An introduction to the arable weed seedbank

Soil contains many weed seeds – this is called the ‘seedbank’. For optimum management, it is important to know the weed species present, as well as their abundance, status and distribution in the soil profile.

How to manage weeds in arable rotations

How a weed seedbank changes

Weed seeds are distributed throughout the soil profile. Like a conventional bank, deposits add to, and withdrawals subtract from, the seedbank.

To take a snapshot of a field’s seedbank, allow weeds to grow in representative untreated areas and count the species present. Typically, this best reflects the weed profile in the top 5 cm of the soil.

Adding to the seedbank

  • Local weeds (most significant source), sometimes scattered by the combine and cultivations
  • Imported seeds from contaminated machinery, crop seed, manure, slurry, sewage sludge, compost and anaerobic digestate

To reduce weed-contamination risks associated with manure, compost it, dry it and store it for at least eight weeks. Any compost that conforms to the BSI PAS 100:2011 standard should be free of weed seeds; however, the equivalent standard for products of anaerobic digestion, BSI PAS 110:2010 (digestate, separated liquor and separated fibre), does not contain a requirement to test for weed seeds.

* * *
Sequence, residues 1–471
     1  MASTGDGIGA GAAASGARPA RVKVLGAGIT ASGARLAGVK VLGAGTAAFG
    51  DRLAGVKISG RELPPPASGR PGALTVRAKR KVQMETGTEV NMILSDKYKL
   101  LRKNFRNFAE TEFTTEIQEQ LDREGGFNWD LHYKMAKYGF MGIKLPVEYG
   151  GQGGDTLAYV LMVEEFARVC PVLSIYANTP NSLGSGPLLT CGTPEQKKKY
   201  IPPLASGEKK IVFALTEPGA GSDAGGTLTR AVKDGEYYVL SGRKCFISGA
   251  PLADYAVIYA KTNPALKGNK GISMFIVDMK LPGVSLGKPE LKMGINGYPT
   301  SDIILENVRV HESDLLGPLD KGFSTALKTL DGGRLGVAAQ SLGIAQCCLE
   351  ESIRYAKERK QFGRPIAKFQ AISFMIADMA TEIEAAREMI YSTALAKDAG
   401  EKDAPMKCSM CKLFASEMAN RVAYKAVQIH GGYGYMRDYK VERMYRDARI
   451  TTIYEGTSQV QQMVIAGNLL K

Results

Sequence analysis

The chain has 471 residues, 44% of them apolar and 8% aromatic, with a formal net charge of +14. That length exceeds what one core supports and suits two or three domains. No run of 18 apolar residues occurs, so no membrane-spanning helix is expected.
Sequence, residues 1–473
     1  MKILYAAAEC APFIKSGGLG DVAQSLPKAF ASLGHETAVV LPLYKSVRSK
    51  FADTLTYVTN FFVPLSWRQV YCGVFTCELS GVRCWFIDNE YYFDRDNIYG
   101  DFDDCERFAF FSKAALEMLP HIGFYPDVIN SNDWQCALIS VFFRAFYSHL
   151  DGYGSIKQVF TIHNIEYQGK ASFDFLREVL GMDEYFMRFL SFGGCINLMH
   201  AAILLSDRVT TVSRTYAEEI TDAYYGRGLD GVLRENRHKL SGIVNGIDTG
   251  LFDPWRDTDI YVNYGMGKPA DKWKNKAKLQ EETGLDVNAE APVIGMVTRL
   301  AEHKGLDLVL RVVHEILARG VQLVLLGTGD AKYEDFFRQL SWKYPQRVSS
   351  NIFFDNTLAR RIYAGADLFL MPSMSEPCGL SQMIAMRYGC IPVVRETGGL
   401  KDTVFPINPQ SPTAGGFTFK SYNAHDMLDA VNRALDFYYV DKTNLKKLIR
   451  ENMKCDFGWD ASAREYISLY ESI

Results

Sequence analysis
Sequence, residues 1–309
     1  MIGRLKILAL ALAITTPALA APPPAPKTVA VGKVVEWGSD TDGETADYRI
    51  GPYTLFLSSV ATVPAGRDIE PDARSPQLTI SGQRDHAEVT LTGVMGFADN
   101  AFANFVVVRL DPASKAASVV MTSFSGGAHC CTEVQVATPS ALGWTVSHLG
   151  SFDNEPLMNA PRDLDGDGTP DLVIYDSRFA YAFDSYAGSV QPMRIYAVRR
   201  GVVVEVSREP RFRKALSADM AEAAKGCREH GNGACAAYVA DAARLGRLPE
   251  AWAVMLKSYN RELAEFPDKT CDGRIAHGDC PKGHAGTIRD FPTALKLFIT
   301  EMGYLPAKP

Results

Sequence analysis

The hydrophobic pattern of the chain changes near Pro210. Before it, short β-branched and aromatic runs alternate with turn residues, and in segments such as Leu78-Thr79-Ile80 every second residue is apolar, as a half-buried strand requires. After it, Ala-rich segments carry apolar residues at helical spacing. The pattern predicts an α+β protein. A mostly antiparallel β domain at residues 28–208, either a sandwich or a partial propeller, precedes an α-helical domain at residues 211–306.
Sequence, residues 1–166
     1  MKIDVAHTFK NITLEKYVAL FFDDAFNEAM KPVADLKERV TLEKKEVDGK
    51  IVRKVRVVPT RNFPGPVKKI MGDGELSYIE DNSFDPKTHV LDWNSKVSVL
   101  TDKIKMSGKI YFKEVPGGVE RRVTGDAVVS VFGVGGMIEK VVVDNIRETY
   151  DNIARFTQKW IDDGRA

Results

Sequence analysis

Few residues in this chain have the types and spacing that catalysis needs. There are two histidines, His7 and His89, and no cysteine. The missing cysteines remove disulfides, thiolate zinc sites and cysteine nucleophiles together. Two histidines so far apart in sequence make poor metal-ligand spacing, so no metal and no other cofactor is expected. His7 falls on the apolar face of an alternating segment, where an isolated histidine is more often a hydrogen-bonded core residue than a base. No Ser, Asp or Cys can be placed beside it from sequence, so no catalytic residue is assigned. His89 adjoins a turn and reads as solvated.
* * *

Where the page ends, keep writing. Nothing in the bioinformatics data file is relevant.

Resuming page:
The most difficult-to-control weeds produce high levels of seed and can establish large viable seedbanks in just one season. 

Subtracting from the seedbank

As seeds age, they become less viable. The rate of natural decline varies dramatically between weed species.

Under 1 year: Soft brome, rye brome, barren brome, volunteer cereals, oats, sunflower and linseed.

1–5 years: Perennial rye-grass, black-grass, winter wild-oat, chickweed, crane’s-bill, creeping thistle and mayweed.

Over 5 years: Wild-oat, loose silky bent, Italian rye-grass, orache, black bind-weed, charlock, common poppy (can persist for over 50 years), speedwells and volunteer rape

Seeds are also consumed (e.g. by birds) and germinate, mainly from the top 5 cm. Seed that are buried deeper, apart from a few larger seeded species, seldom emerge.

How to manage weeds in arable rotations